We have USDCNH on the radar given the People’s Bank of China cut 50bp off bank reserve ratio requirement (RRR) and 100bp off required reserves for certain commercial banks. We’ve seen USDCNH open on a flat note, with support kicking in at 7.10 and where a potential break here should in turn take AUDUSD through Friday’s high of 0.6862 — building on from last week’s bullish outside period (on the weekly chart). This arguably would target as high as the 0.6950/0.7000 area.
It’s the Chinese equity market that I want to focus on most intently, though, as it feels, at least from a tactical basis, that the Chinese authorities will be wanting to see economics and equities supported, with a stable CNY into the 70th anniversary of the People’s Republic of China on 1 October. There are a number of indices to track, but I’d expect clients to go direct to the China A50 index (CN50). We’ve already seen a 10% rally off the 6 September low here, but a firm break of 14,000 and we head to the year-to-date highs of 14,179. That’s one to watch.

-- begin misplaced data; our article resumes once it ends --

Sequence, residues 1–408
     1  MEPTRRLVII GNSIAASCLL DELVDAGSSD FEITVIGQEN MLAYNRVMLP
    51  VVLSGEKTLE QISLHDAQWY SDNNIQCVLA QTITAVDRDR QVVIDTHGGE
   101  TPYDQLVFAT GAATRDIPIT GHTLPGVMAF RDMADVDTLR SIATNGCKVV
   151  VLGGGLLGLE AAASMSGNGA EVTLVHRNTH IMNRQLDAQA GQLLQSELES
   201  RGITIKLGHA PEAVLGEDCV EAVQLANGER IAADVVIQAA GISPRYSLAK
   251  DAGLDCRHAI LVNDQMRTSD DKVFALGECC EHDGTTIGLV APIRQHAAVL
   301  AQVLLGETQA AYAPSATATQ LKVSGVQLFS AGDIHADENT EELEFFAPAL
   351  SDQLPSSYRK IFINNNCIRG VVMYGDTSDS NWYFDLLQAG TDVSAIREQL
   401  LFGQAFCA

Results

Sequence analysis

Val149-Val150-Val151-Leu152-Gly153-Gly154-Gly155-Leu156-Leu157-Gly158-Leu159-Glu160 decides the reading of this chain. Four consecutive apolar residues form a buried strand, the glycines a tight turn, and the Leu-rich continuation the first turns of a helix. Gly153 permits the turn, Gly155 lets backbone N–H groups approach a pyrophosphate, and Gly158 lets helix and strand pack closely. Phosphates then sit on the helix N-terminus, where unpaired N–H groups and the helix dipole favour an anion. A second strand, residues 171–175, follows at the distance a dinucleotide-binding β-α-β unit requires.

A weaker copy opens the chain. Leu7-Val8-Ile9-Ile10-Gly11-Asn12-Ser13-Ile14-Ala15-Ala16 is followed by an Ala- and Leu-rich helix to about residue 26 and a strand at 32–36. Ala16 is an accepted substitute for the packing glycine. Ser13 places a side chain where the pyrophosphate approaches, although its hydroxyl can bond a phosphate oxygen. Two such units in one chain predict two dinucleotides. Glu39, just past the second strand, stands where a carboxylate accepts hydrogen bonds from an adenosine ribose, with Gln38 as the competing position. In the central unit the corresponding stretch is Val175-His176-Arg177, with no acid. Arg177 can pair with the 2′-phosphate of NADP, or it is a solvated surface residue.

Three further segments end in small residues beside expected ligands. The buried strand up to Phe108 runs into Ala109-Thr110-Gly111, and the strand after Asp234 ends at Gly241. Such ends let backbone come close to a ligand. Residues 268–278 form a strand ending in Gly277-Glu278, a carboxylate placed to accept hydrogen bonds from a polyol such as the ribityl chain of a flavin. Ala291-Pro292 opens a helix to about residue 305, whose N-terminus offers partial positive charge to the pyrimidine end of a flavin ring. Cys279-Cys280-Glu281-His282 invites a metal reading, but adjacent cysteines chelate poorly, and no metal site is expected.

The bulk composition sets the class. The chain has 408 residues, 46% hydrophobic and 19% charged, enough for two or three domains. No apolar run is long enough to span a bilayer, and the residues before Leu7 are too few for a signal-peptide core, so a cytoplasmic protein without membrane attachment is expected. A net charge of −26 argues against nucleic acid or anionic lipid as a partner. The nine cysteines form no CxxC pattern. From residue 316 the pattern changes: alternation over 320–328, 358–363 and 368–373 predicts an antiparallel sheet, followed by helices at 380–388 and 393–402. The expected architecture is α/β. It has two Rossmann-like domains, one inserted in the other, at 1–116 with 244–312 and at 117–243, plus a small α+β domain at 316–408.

We see a flat open in AUDJPY and USDJPY in line with the S&P 500 futures open. Asia will have a chance to have their say on Friday’s non-farm payrolls, although the USD is already reflecting a jobs print that had something for everyone, with a poor headline of 130,000 and a 20bp rise in the U6 employment rate to 7.2% amid solid average hourly earnings of 3.2% YoY. By way of USD event risk this week, the eyes of the market fall on Thursday’s US (August) CPI print (consensus 2.3% from 2.2%), ahead of the August retail sales report (advanced +0.2% and control group +0.3%).
With the Fed’s blackout period in full swing ahead of the 18 September FOMC meeting, as well as rates pricing in a 4% chance of a 50bp cut and 55bp of cuts by December, we’re unlikely to see these data points move the USD too greatly. It certainly feels as though we’re on the money with pricing. Fed Chair Jerome Powell’s speech on Friday was broadly unchanged from his Jackson Hole narrative. And he had every opportunity to review market pricing and guide should he have felt it wasn’t correct. Unless we see something dramatic in markets, we’ll see a 25bp cut.